Classical and Quantum Mechanics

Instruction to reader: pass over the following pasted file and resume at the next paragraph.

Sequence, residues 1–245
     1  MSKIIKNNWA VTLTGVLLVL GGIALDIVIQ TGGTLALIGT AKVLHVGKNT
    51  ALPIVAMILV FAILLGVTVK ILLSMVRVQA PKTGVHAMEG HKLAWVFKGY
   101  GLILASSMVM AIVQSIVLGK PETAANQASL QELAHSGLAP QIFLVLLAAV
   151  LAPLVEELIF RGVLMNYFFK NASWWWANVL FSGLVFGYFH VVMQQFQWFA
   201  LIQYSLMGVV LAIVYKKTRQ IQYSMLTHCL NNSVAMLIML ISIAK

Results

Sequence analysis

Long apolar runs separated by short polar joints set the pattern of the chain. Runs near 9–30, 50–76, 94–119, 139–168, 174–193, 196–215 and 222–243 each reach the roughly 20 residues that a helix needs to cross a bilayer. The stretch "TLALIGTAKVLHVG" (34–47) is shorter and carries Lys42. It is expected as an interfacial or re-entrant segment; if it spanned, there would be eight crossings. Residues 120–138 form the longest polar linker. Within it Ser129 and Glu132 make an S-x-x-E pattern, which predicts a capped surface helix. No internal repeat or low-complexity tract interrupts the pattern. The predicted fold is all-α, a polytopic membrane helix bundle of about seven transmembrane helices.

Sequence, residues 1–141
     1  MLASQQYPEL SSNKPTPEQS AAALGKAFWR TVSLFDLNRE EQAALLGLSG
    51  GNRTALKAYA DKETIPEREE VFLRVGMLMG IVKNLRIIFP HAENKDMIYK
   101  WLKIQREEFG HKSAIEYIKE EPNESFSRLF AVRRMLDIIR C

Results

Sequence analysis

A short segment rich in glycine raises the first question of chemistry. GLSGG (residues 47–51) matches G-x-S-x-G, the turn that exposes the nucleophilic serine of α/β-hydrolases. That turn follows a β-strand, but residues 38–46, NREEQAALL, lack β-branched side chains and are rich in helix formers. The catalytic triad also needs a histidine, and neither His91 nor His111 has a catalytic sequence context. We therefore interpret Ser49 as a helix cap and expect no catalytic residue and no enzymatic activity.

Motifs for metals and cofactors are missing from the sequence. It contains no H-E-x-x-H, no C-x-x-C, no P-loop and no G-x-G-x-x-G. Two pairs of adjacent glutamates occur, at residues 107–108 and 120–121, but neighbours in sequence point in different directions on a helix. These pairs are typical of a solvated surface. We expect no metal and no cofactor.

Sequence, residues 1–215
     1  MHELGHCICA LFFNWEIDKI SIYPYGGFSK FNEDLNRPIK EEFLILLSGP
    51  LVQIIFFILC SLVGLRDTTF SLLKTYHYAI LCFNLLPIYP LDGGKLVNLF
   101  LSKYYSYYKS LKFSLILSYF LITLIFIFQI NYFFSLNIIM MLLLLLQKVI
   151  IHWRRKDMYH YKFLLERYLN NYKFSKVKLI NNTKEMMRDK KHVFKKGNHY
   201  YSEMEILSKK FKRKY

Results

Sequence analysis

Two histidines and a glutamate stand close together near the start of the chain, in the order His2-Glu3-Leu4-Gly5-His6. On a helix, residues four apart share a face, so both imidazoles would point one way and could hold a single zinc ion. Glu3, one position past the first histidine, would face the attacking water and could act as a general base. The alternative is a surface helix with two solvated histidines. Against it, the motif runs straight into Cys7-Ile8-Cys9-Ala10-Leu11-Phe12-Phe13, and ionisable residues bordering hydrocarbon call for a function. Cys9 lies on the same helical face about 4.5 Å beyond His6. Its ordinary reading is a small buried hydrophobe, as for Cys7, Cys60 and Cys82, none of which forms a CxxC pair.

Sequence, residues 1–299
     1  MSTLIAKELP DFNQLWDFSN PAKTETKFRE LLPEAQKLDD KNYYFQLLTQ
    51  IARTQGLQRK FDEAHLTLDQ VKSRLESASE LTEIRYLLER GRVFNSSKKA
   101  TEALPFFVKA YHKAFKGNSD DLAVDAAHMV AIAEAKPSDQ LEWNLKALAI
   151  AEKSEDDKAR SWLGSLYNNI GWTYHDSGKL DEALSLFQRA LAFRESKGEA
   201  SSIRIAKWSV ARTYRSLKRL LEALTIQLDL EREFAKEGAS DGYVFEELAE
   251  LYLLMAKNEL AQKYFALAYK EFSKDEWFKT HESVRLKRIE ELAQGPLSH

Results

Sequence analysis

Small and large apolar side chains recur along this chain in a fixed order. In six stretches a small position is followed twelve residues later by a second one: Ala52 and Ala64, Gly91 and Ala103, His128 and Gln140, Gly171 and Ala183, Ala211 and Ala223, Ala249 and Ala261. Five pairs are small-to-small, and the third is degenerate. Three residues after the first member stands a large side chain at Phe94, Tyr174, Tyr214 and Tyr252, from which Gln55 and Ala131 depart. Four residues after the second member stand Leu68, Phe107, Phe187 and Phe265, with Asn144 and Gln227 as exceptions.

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<p>Notes on Classical and Quantum MechanicsJos Thijssen</p> <p>February 10, 2005(560 pages)</p> <p>Available beginning of 1999</p> <p>PrefaceThese notes have been developed over several years for use with the courses Classical and Quantum Mechanics A and B, which are part of the third year applied physics degree program at Delft University of Technology. Part of these notes stem from courses which I taught at Cardiff University of Wales, UK. These notes are intended to be used alongside standard textbooks. For the classical part, several texts can be used, such as the books by Hand and Finch (Analytical Mechanics, Cambridge University Press, 1999) and Goldstein (Classical Mechanics, third edition, Addison Wesley, 2004), the older book by Corben and Stehle (Classical Mechanics, second edition, Dover, 1994, reprint of 1960 edition), and the textbook by Kibble and Berkshire, (Classical Mechanics, 5th edition, World Scientic, 2004). The part on classical mechanics is more self-contained than the quantum part, although consultation of one or more of the texts mentioned is essential for a thorough understanding of this eld. For the quantum mechanics part, we use the book by D. J. Grifths (Introduction to Quantum Mechanics, Second Edition, Pearson Education International/Prentice Hall, 2005). This is a very nice, student-friendly text which, however, has two drawbacks. Firstly, the informal way in which the material is covered, has led to a non-consistent use of Dirac notation; very often, the wavefunction formalism is used instead of the linear algebra notation. Secondly, the book does not go into modern applications of quantum mechanics, such as quantum cryptography and quantum computing. Hopefully these notes remedy that situation. Other books which are useful for learning this material from are Introductory Quantum Mechanics by Liboff (fourth edition, Addison Wesley, 2004) and Quantum Mechanics by Bransden and Joachain (second edition, Prentice Hall, 2000). Many more standard texts are availbale we nally mention here Quantum Mechanics by Basdevant and Dalibard (Springer, 2002) and, by the same authors, The Quantum Mechanics Solver (Springer, 2000). Finally, the older text by Messiah (North Holland, 1961) the books by Cohen-Tannoudji, Diu and Lalo (2 vols., John Wiley, 1996), by Gasiorowicz (John Wiley, 3rd edition, 2003) and by Merzbacher e (John Wiley, 1997) can all be recommended. Not all the material in these notes can be found in undergraduate standard texts. In particular, the chapter on the relation between classical and quantum mechanics, and those on quantum cryptography and on quantum information theory are not found in all books listed here, although Liboffs book contains a chapter on the last two subjects. If you want to know more about these new developments, consult Quantum Computing and Quantum Information by Nielsen and Chuang (Cambridge, 2000). Along with these notes, there is a large problem set, which is more essential than the notes themselves. There are many things in life which you can only learn by doing it yourself. Nobody would seriously believe you can master any sport or playing a musical instrument by reading books. For physics, the situation is exactly the same. You have to learn the subject by doing it yourself even by failing to solve a difcult problem you learn a lot, since in that situation you start thinking about the structure of the subject. In writing these notes I had numerous discussions with and advice from Herre van der Zant and Miriam Blaauboer. I hope the resulting set of notes and problems will help students learn and appreciate the beautiful theory of classical and quantum mechanics. i</p> <p>ContentsPreface 1 Introduction: Newtonian mechanics and conservation laws 1.1 Newtons laws . . . . . . . . . . . . . . . . . . . . . . . . . . . . . . . . . . . . . . 1.2 Systems of point particles symmetries and conservation laws . . . . . . . . . . . . Lagrange and Hamilton formulations of classical mechanics 2.1 Generalised coordinates and virtual displacements . . . . . . . . . . . 2.2 dAlemberts principle . . . . . . . . . . . . . . . . . . . . . . . . . 2.3 Examples . . . . . . . . . . . . . . . . . . . . . . . . . . . . . . . . 2.3.1 The pendulum . . . . . . . . . . . . . . . . . . . . . . . . . 2.3.2 The block on the inclined plane . . . . . . . . . . . . . . . . 2.3.3 Heavy bead on a rotating wire . . . . . . . . . . . . . . . . . 2.4 dAlemberts principle in generalised coordinates . . . . . . . . . . . 2.5 Conservative systems the mechanical path . . . . . . . . . . . . . . 2.6 Examples . . . . . . . . . . . . . . . . . . . . . . . . . . . . . . . . 2.6.1 A system of pulleys . . . . . . . . . . . . . . . . . . . . . . . 2.6.2 Example: the spinning top . . . . . . . . . . . . . . . . . . . 2.7 Non-conservative forces charged particle in an electromagnetic eld 2.7.1 Charged particle in an electromagnetic eld . . . . . . . . . . 2.8 Hamilton mechanics . . . . . . . . . . . . . . . . . . . . . . . . . . 2.9 Applications of the Hamiltonian formalism . . . . . . . . . . . . . . 2.9.1 The three-pulley system . . . . . . . . . . . . . . . . . . . . 2.9.2 The spinning top . . . . . . . . . . . . . . . . . . . . . . . . 2.9.3 Charged particle in an electromagnetic eld . . . . . . . . . . i 1 1 3 8 8 10 11 11 12 14 15 16 20 20 21 23 23 24 27 28 28 29 30 30 33 35 35 36 37 38 39 39 41</p> <p>2</p> <p>. . . . . . . . . . . . . . . . . .</p> <p>. . . . . . . . . . . . . . . . . .</p> <p>. . . . . . . . . . . . . . . . . .</p> <p>. . . . . . . . . . . . . . . . . .</p> <p>. . . . . . . . . . . . . . . . . .</p> <p>. . . . . . . . . . . . . . . . . .</p> <p>. . . . . . . . . . . . . . . . . .</p> <p>. . . . . . . . . . . . . . . . . .</p> <p>3</p> <p>The two-body problem 3.1 Formulation and analysis of the two-body problem . . . . . . . . . . . . . . . . . . 3.2 Solution of the Kepler problem . . . . . . . . . . . . . . . . . . . . . . . . . . . . . Examples of variational calculus, constraints 4.1 Variational problems . . . . . . . . . . . 4.2 The brachistochrone . . . . . . . . . . . . 4.3 Fermats principle . . . . . . . . . . . . . 4.4 The minimal area problem . . . . . . . . 4.5 Constraints . . . . . . . . . . . . . . . . 4.5.1 Constraint forces . . . . . . . . . 4.5.2 Global constraints . . . . . . . . ii</p> <p>4</p> <p>. . . . . . .</p> <p>. . . . . . .</p> <p>. . . . . . .</p> <p>. . . . . . .</p> <p>. . . . . . .</p> <p>. . . . . . .</p> <p>. . . . . . .</p> <p>. . . . . . .</p> <p>. . . . . . .</p> <p>. . . . . . .</p> <p>. . . . . . .</p> <p>. . . . . . .</p> <p>. . . . . . .</p> <p>. . . . . . .</p> <p>. . . . . . .</p> <p>. . . . . . .</p> <p>. . . . . . .</p> <p>. . . . . . .</p> <p>. . . . . . .</p> <p>. . . . . . .</p> <p>. . . . . . .</p> <p>. . . . . . .</p> <p>. . . . . . .</p> <p>Contents 5 From classical to quantum mechanics 5.1 The postulates of quantum mechanics . . . . . . . . . . . . . . . 5.2 Relation with classical mechanics . . . . . . . . . . . . . . . . . 5.3 The path integral: from classical to quantum mechanics . . . . . . 5.4 The path integral: from quantum mechanics to classical mechanics</p> <p>iii 45 45 47 50 53 55 55 55 60 60 62 63 64 67 69 69 69 71 75 75 78 82 84 87 87 88 92 92 93 95 96 97 100 103 103 103 110 112 114 115 116</p> <p>. . . .</p> <p>. . . .</p> <p>. . . .</p> <p>. . . .</p> <p>. . . .</p> <p>. . . .</p> <p>. . . .</p> <p>. . . .</p> <p>. . . .</p> <p>. . . .</p> <p>6</p> <p>Operator methods for the harmonic oscillator 6.1 Introduction . . . . . . . . . . . . . . . . . . . . . . . . . . . . . . . . . . . . . . . 6.2 The harmonic oscillator . . . . . . . . . . . . . . . . . . . . . . . . . . . . . . . . . Angular momentum 7.1 Spectrum of the angular momentum operators 7.2 Orbital angular momentum . . . . . . . . . . 7.3 Spin . . . . . . . . . . . . . . . . . . . . . . 7.4 Addition of angular momenta . . . . . . . . . 7.5 Angular momentum and rotations . . . . . .</p> <p>7</p> <p>. . . . .</p> <p>. . . . .</p> <p>. . . . .</p> <p>. . . . .</p> <p>. . . . .</p> <p>. . . . .</p> <p>. . . . .</p> <p>. . . . .</p> <p>. . . . .</p> <p>. . . . .</p> <p>. . . . .</p> <p>. . . . .</p> <p>. . . . .</p> <p>. . . . .</p> <p>. . . . .</p> <p>. . . . .</p> <p>. . . . .</p> <p>. . . . .</p> <p>. . . . .</p> <p>. . . . .</p> <p>. . . . .</p> <p>8</p> <p>Introduction to Quantum Cryptography 8.1 Introduction . . . . . . . . . . . . . . . . . . . . . . . . . . . . . . . . . . . . . . . 8.2 The idea of classical encryption . . . . . . . . . . . . . . . . . . . . . . . . . . . . 8.3 Quantum Encryption . . . . . . . . . . . . . . . . . . . . . . . . . . . . . . . . . . Scattering in classical and in quantum mechanics 9.1 Classical analysis of scattering . . . . . . . . . 9.2 Quantum scattering with a spherical potential . 9.2.1 Calculation of scattering cross sections 9.2.2 The Born approximation . . . . . . . .</p> <p>9</p> <p>. . . .</p> <p>. . . .</p> <p>. . . .</p> <p>. . . .</p> <p>. . . .</p> <p>. . . .</p> <p>. . . .</p> <p>. . . .</p> <p>. . . .</p> <p>. . . .</p> <p>. . . .</p> <p>. . . .</p> <p>. . . .</p> <p>. . . .</p> <p>. . . .</p> <p>. . . .</p> <p>. . . .</p> <p>. . . .</p> <p>. . . .</p> <p>. . . .</p> <p>10 Symmetry and conservation laws 10.1 Noethers theorem . . . . . . . . . . . . . . . . . . . . . . . . . . . . . . . . . . . . 10.2 Liouvilles theorem . . . . . . . . . . . . . . . . . . . . . . . . . . . . . . . . . . . 11 Systems close to equilibrium 11.1 Introduction . . . . . . . . . . . . . . . . 11.2 Analysis of a system close to equilibrium 11.2.1 Example: Double pendulum . . . 11.3 Normal modes . . . . . . . . . . . . . . . 11.4 Vibrational analysis . . . . . . . . . . . . 11.5 The chain of particles . . . . . . . . . . .</p> <p>. . . . . .</p> <p>. . . . . .</p> <p>. . . . . .</p> <p>. . . . . .</p> <p>. . . . . .</p> <p>. . . . . .</p> <p>. . . . . .</p> <p>. . . . . .</p> <p>. . . . . .</p> <p>. . . . . .</p> <p>. . . . . .</p> <p>. . . . . .</p> <p>. . . . . .</p> <p>. . . . . .</p> <p>. . . . . .</p> <p>. . . . . .</p> <p>. . . . . .</p> <p>. . . . . .</p> <p>. . . . . .</p> <p>. . . . . .</p> <p>. . . . . .</p> <p>. . . . . .</p> <p>. . . . . .</p> <p>12 Density operators Quantum information theory 1 Introduction . . . . . . . . . . . . . . . . . . . . . . . 2 The density operator . . . . . . . . . . . . . . . . . . 3 Entanglement . . . . . . . . . . . . . . . . . . . . . . 4 The EPR paradox and Bells theorem . . . . . . . . . . 5 No cloning theorem . . . . . . . . . . . . . . . . . . . 6 Dense coding . . . . . . . . . . . . . . . . . . . . . . 7 Quantum computing and Shors factorisation algorithm</p> <p>. . . . . . .</p> <p>. . . . . . .</p> <p>. . . . . . .</p> <p>. . . . . . .</p> <p>. . . . . . .</p> <p>. . . . . . .</p> <p>. . . . . . .</p> <p>. . . . . . .</p> <p>. . . . . . .</p> <p>. . . . . . .</p> <p>. . . . . . .</p> <p>. . . . . . .</p> <p>. . . . . . .</p> <p>. . . . . . .</p> <p>. . . . . . .</p> <p>. . . . . . .</p> <p>iv</p> <p>Contents</p> <p>Appendix A Review of Linear Algebra 119 1 Hilbert spaces . . . . . . . . . . . . . . . . . . . . . . . . . . . . . . . . . . . . . . 119 2 Operators . . . . . . . . . . . . . . . . . . . . . . . . . . . . . . . . . . . . . . . . 120 Appendix B The time-dependent Schr dinger equation o Appendix C Review of the Schr dinger equation in one dimension o 123 125</p> <p>1</p> <p>Introduction: Newtonian mechanics and conservation lawsIn this lecture course, we shall introduce some mathematical techniques for studying problems in classical mechanics and apply them to several systems. In a previous course, you have already met Newtons laws and some of its applications. In this chapter, we briey review the basic theory, and consider the interpretation of Newtons laws in some detail. Furthermore, we consider conservation laws of classical mechanics which are connected to symmetries of the forces, and derive these conservation laws starting from Newtons laws.</p> <p>1.1</p> <p>Newtons laws</p> <p>The aim of a mechanical theory is to predict the motion of objects. It is convenient to start with point particles which have no dimensions. The trajectory of such a point particle is described by its position at each time. Denoting the spatial position vector by r, the trajectory of the particle is given as r(t), a three-dimensional function depending on a one-dimensional coordinate: the time. The velocity is dened as the time-derivative of the vector r(t), and by convention it is denoted as r(t): r(t) = d r(t), dt (1.1)</p> <p>and the acceleration a is dened as the second derivative of the position vector with respect to time: a(t) = r(t). The last concept we must introduce is that of momentum p: it is dened as p = m (t), r (1.3) (1.2)</p> <p>where m is the mass. Although we have an intuitive idea about the meaning of mass, this is also a rather subtle physical concept, as is clear from the frequent confusion of mass with the concept of weight (see below). Now let us state Newtons laws: 1. A body not inuenced by any other matter will move at constant velocity 2. The rate of change of momentum of a body is equal to the force, F: dp = F(r,t). dt 1 (1.4)</p> <p>2</p> <p>Introduction: Newtonian mechanics and conservation laws</p> <p>Table 1.1: Forces for various systems. The symbol mi stand for the mass of point particle i, qi stands for electric charge of particle i, B is a magnetic, and E an electric eld. G, and g are known constants. The gravitational and the electrostatic forces are directed along the line connecting the two particles i = 1, 2.</p> <p>Forces in nature System Gravity Gravity near earths surface Electrostatics Particle in an electromagnetic eld Air friction Force FG = GmM r12 Fg = mg z 1 FC = 4 0 q1 q2 r12 FEM = q (E + r B) Ffr = r</p> <p>3. When a particle exerts a force F on another particle, then the other particle exerts a force on the rst particle which is equal in magnitude but opposite in direction to the force F these forces are directed along the line connecting the two particles. Denoting the particle by indices 1 and 2, and the force exerted on 1 by 2 by F1,2 and the force exerted on 2 by 1 by F2,1 , we have: F1,2 = F2,1 = F1,2 r1,2 . (1.5)</p> <p> where r1,2 is a unit vector pointing from r1 to r2 . The denotes whether the force is repulsive () or attractive (+). Some remarks about these laws are in place. It is questionable whether the second law is really a statement, as a new vector quantity, called force, is introduced, which is not yet dened. Only if we know the force, we can predict how a particle will move. In that sense, a real law is only formed by combining Newtons second law together with an explicit expression for the force. In table 1.1, known forces are given for several systems. Note that the force generally depends on the position r, on the velocity r, and also explicitly on time (e.g. when an external, time-varying eld is present). An implicit dependence on time is further provided by the time dependence of the position vector r(t). In most cases, the mass is taken to be constant, although this is not always true: you may think of a rocket burning its fuel, or disposing of its launching system, or bodies moving at a speed of the order of the speed of light, where the mass deviates from the rest mass. With constant mass, the second law reads: m (t) = F(r,t). r (1.6) In fact, the second law disentangles two ingredients of the motion. One is the mass m, which is a property of the moving particle which is acted upon by the force, and the other the...</p>